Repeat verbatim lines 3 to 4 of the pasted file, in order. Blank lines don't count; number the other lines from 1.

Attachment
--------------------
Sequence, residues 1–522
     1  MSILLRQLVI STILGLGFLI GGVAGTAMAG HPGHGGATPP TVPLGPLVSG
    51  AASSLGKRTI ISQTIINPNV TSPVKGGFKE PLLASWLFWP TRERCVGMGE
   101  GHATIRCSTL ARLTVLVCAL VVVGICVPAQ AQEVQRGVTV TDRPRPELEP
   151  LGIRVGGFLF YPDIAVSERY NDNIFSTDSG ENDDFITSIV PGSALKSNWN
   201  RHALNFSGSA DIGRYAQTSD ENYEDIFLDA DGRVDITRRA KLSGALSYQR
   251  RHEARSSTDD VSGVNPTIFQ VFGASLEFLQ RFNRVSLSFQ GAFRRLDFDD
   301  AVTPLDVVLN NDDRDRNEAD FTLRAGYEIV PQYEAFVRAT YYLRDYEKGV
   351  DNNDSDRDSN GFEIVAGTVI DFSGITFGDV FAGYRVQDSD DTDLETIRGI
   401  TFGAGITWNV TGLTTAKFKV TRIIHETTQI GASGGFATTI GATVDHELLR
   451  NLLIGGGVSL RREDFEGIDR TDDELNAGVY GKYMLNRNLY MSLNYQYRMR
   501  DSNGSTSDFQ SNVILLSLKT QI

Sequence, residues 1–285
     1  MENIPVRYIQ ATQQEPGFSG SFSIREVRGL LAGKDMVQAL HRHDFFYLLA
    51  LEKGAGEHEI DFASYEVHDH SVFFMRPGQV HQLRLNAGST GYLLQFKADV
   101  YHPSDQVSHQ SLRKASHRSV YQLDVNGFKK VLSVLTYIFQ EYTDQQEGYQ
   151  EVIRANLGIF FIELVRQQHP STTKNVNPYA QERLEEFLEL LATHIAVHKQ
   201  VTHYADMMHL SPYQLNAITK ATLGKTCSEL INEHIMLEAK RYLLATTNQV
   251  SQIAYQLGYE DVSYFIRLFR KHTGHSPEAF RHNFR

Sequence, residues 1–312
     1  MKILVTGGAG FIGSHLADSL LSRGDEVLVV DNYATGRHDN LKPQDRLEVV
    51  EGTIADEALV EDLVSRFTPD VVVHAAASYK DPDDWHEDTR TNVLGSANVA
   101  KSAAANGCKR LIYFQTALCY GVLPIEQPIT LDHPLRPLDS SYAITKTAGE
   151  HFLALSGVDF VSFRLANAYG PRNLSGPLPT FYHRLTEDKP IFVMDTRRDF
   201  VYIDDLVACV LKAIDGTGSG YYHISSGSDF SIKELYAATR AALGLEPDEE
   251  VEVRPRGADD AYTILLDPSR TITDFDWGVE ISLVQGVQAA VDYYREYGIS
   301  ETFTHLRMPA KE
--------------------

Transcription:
    51  AASSLGKRTI ISQTIINPNV TSPVKGGFKE PLLASWLFWP TRERCVGMGE
   101  GHATIRCSTL ARLTVLVCAL VVVGICVPAQ AQEVQRGVTV TDRPRPELEP